Once you have decided you have the necessary qualities and abilities to run your own business you must next decide on which business idea is right for you. There are many ways to become your own boss, these include:
- Discovering a new niche market and developing a product or service to fill it.
- Developing a product or service of superior quality to that of the competition and then competing with them.
- Buying an already established business, perhaps with unrealised potential.
- Buying a franchise opportunity and using an already proven successful business formula.
- Using the internet to set up an online business.
Whichever method of becoming your own boss you choose it will cost you time, money and energy to get up and running so you will have to make sure you are able to make a success of it.
GATHERING YOUR INFORMATION
It is at this stage you should start to gather information. If you need to write to a government department for help or advice, then do so now. Many organisations, particularly government bodies, are notorious for taking weeks or months to respond to an enquiry. There is nothing more annoying than sitting down to write up a section of your plan only to discover the information you need is not to hand.
The golden rule of information gathering is to collect as much of it as you possibly can. You can never have too much information.
Even something which doesn’t seem to be important now may turn out to be crucial to your business plan at a later date.
COMPILING YOUR BUSINESS PLAN
Just as a book is separated into chapters which follow a logical sequence, so too should be your business plan. Here is an example of the section headings you could use to compile your plan:
The Executive Summary
The Nature of Your Business
Your Product or Service
Your Market and Competitors
Your Marketing Plan
A quick overview
Here is an overview; each heading is explained in detail later in the book:
It is a matter of personal preference whether this follows or precedes your executive summary.
The executive summary
This is a brief yet concise statement which is designed to give your reader an overview about your business by summarising the key points. Here you should describe the following:
-The current position of your business.
- Details about who will be buying your products or services, in what quantities and why.
- Your short-, medium- and long-term objectives and how they will be achieved.
- A summary of your financial forecasts.
- Details of how much money you need
The nature of your business
This section of your plan should give your reader an understanding about who you are, what you do and how you do it. The following points should be covered:
- Your business name, address and contact telephone number.
- The legal status you will trade under.
- Details of your key members of staff including yourself.
- Your location. & Your business objectives and how these will be achieved.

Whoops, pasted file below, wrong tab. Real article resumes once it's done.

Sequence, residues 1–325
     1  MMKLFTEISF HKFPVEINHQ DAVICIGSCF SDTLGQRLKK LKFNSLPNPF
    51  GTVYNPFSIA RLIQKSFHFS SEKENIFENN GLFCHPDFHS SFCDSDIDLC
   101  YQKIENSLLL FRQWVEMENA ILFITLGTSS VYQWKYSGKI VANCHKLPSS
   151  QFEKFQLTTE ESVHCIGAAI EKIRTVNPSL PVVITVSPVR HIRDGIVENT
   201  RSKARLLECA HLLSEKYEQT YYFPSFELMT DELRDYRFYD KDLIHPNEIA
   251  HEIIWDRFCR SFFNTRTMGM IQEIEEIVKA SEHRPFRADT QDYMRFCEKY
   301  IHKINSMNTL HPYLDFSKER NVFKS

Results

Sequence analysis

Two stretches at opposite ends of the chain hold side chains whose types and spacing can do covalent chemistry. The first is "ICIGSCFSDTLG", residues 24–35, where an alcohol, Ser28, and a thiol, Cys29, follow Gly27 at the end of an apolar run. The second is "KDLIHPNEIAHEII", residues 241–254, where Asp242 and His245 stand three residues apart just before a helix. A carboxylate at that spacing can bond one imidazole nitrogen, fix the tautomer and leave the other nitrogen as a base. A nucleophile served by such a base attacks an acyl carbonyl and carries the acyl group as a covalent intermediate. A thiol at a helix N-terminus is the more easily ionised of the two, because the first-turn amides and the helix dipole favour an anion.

- Your mission statement.
Your market and competitors
This section of your business plan should describe the market you are in. It should highlight who your clients will be, what they will expect from your products or services, and details of who and where your competitors are.
Your marketing plan
Your marketing plan will describe how you will promote and sell your products or services. It will include details of:
- market research;
- your target market;
- the competition;
- marketing methods.
Your operational plan is the nuts and bolts of your business. It will illustrate to your reader the steps you will take to make sure your business will operate both successfully and profitably.
This is themost difficult part of compiling a business plan.Obviously yo uwill feel optimistic, but it is essential to be realistic. Any bank manager who knows his job will be able to see through any proposal based on inflated figures which make the balance sheet look good. The only person you will be fooling is yourself. Your market research will be able to provide you with an accurate sales forecast.
This will go hand in hand with the sales forecast as the sales forecast is presented in the form of cash flow forecasts which in turn lead to profit and loss and balance sheet forecasts.
In the appendices you should include any information which will support and verify any statements and assumptions you have made in other areas of your business plan
DESIGNING YOUR PLAN
There is no set formula for designing a successful business plan. Every plan will differ in length and style depending on the type of business. However there are characteristics which should be apparent in each of them.
Deciding the length
The length of your business plan will vary depending on the nature of the business. As a guideline your plan should be between 25 and 40 pages including the title pages and any appendices. Obviously if you have just invented a new car that runs on fresh air you are going to need a far more detailed document than if you are planning to set up a simple grass-cutting business.
The amount of capital you need to raise will also have an effect on the length of your plan. Generally speaking, the more capital you need, the longer the plan. If you are looking to raise £100,000 then anything less than 25 pages is unlikely to convince your bank manager to lend you money. However, if you only require a few hundred pounds, then a 40-page document is likely to bore the reader and overstate your case.
Choosing the right style
You will develop your own style of writing but you must always retain the interest of the reader and write in a narrative style using everyday terms. There is little point in using technical jargon if the reader cannot understand what you are trying to say. For example if ‘it has a 456 micro buffer enhanced with a 789 extended memory data translator’ means it is a fast and powerful machine, then just say it is a fast and powerful machine. Each sentence should follow on from the last in a logical sequence as should each chapter and sub-heading. Avoid trying to convey too many ideas in one sentence. Remember you are trying to make your business plan easy to read and understand.